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From iPhone to Mac, Here's How Apple Makes Its Billions

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Rumors have started to fly about the possibility that Apple (AAPL - Free Report) will roll out cheaper iPhones. On top of iPhone speculation, Apple is reportedly set to launch new products, including headphones, at higher price points. All of this said, now is a great time to check out some of the latest Apple news and take a look at its revenue breakdown.


Reports began to surface recently that Apple will introduce a less expensive or budget iPhone X in the fall. Furthermore, Apple is expected to sell more of its less costly LCD screen models in favor of its OLED iPhone X. 

Earlier this month, Apple reportedly told suppliers to manufacture roughly 20% fewer components of it upcoming iPhones, according to Nikkei. The company is set to take a more "cautious approach," telling suppliers to prepare for 80 million iPhones, down from the 100 million last year.

The problem for Apple is that its highly anticipated iPhone X, which costs $1,000, has not performed up to Apple’s lofty standards. Apple’s second-quarter revenues jumped by 16% to reach $61.14 billion, with iPhone revenues up 14%. However, Apple’s iPhone unit sales climbed just 3% to hit 52.22 million in Q2.

Cleary, investors can see that the high price of the smartphone led to the large top line growth. They might even be pleased to note that total quarterly iPhone revenue—$38.03 billion—accounted for just over 62% of Q2 sales, down from 70% in Q1.

Apple’s iPhone is one of the most successful consumer products in history and continues to be Apple’s single biggest revenue driver, but the company understands that it has to become more than an iPhone company, especially because prestige consumer products don’t always last forever. 

Everything Else

Apple will reportedly begin to sell higher-end AirPods and other headphones, on top of its Beats offerings. The Cupertino, California-based company is set to launch noise-canceling and water resistant AirPods, starting in 2019—at a $159 price point, according to Bloomberg. Meanwhile, the company will also update its HomePod speakers and introduce new studio-quality over-ear headphones.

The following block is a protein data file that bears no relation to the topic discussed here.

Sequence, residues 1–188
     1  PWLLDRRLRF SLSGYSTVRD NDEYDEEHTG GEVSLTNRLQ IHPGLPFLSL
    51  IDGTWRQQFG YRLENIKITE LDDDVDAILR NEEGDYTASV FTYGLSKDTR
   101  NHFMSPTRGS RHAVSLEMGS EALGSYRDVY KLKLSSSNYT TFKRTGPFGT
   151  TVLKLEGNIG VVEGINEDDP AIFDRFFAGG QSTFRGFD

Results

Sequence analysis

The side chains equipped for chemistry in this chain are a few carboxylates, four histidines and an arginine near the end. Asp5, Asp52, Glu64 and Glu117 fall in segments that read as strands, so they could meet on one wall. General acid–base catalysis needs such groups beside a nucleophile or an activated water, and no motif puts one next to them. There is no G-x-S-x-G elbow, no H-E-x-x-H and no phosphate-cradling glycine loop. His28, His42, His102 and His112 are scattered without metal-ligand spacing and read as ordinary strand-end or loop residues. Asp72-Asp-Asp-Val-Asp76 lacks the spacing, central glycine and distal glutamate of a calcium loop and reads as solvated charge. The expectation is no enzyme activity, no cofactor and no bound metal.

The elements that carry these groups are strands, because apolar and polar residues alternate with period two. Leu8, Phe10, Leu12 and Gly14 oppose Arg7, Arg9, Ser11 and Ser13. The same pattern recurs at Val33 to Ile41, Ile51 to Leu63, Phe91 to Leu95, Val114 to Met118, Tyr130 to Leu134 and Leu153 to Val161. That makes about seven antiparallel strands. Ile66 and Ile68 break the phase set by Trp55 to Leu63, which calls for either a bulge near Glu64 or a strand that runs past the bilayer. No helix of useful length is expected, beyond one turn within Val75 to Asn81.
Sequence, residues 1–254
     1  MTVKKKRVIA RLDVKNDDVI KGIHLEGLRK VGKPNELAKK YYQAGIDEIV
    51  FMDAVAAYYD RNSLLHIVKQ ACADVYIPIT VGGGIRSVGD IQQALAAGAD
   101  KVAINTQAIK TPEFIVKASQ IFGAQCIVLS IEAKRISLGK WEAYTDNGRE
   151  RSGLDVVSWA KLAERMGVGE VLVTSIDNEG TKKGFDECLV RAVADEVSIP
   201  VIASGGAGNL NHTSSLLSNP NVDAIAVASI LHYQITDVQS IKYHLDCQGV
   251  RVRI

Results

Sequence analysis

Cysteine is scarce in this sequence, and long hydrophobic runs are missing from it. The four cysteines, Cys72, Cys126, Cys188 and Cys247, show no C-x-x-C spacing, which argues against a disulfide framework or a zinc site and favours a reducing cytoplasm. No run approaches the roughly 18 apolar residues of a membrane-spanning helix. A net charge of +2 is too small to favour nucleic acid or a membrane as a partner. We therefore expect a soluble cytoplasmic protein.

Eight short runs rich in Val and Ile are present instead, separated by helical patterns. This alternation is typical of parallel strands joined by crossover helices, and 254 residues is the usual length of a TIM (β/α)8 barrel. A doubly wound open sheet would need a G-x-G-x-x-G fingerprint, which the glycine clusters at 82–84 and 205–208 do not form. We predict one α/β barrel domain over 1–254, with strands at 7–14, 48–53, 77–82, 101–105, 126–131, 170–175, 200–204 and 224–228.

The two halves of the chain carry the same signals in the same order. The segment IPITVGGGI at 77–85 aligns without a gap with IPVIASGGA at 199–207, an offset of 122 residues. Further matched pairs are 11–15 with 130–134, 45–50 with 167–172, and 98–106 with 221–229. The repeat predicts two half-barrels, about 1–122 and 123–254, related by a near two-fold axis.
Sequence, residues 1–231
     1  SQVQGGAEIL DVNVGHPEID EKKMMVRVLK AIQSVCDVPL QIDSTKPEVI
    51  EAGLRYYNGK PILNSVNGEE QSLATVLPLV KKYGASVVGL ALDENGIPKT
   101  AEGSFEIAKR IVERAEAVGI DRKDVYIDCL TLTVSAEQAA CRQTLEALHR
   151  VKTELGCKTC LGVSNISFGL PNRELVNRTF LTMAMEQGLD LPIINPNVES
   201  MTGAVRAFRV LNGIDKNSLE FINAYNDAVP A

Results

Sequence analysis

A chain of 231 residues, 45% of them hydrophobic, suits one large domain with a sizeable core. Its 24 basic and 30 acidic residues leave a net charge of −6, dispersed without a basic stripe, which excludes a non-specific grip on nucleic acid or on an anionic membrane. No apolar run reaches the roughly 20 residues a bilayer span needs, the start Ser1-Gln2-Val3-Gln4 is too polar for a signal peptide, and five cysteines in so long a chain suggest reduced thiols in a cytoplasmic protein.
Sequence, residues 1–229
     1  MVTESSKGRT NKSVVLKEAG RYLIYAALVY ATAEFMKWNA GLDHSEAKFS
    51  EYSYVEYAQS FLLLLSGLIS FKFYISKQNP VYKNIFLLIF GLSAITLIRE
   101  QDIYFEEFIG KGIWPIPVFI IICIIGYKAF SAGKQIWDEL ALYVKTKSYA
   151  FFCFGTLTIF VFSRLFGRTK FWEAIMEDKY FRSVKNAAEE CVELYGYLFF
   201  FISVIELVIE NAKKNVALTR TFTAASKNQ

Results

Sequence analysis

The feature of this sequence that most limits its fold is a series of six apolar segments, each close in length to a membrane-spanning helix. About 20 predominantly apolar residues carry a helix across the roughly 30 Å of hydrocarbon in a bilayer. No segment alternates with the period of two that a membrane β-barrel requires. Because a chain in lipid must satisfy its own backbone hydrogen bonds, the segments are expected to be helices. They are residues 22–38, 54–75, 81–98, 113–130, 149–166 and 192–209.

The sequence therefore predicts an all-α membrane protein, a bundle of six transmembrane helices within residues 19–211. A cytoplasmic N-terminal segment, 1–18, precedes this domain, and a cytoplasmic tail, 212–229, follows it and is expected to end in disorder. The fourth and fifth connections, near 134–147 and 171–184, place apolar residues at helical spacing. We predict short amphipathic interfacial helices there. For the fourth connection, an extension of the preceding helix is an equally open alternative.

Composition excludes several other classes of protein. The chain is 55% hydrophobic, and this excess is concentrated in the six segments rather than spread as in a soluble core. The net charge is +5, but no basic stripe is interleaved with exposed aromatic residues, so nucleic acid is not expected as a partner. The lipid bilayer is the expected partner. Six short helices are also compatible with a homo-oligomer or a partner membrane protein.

Investors should also note that Apple announced on Monday that it will launch a curated “2018 Midterm Elections section” in Apple News. The company noted that it hopes to provide a new resource for “timely, trustworthy midterm election information,” aiming to help news seekers “access the most important reporting and analysis from a diverse set of publishers.”

Apple’s latest additions help exemplify the company’s push into new areas in search of more diversified revenue streams. Now, let’s take a look at how Apple’s non-iPhone businesses performed last quarter.

Revenue Breakdown 

Apple’s Services revenues climbed roughly 31% to hit $9.19 billion last quarter, making it the company’s second-biggest revenue generator, nearly outpacing iPad and Mac’s growth combined. Apple’s Services unit features revenue from digital content and services, such as iTunes and Apple Music, as well as AppleCare, Apple Pay, and other services.

Services revenues also topped our consensus estimates of $8.33 billion by 10%. On top of that, Services accounted for 15% of the company’s total Q2 revenues, which is up 2% from the year-ago period and 5% from last quarter.

Apple Music, which recently reported 38 million subscribers, though CEO Tim Cook recently noted the service boasts 50 million if you include users on a free-trial, is one of the most impressive potential growth stories in the Services sector, and is already competing directly against Spotify (SPOT - Free Report) , Amazon (AMZN - Free Report) , and more recently, Google (GOOGL - Free Report) .

Apple’s “Other Products” unit includes Apple TV, Apple Watch, Beats products, HomePod, and AirPods. This segment saw its quarterly revenues soar by 38% to hit $3.95 billion.

Other Products is currently the company’s smallest division, accounting for roughly 6% of Q2 revenue. Going forward, with new headphones offerings, HomePod updates, and the increased prevalence of products like Apple TV—that offer users access to streaming services such as Netflix (NFLX - Free Report) and Hulu—Apple’s Other Products could continue to expand rapidly.

Investors should also note that despite much negativity surrounding its iPad and Mac businesses, the two product categories have not completely fallen off a cliff. iPad unit sales popped 2% to 9.11 million in Q2, while revenues jumped 6% to $4.11 billion. Meanwhile, Mac sales remained flat at $5.85 billion, with unit sales down just 3%.

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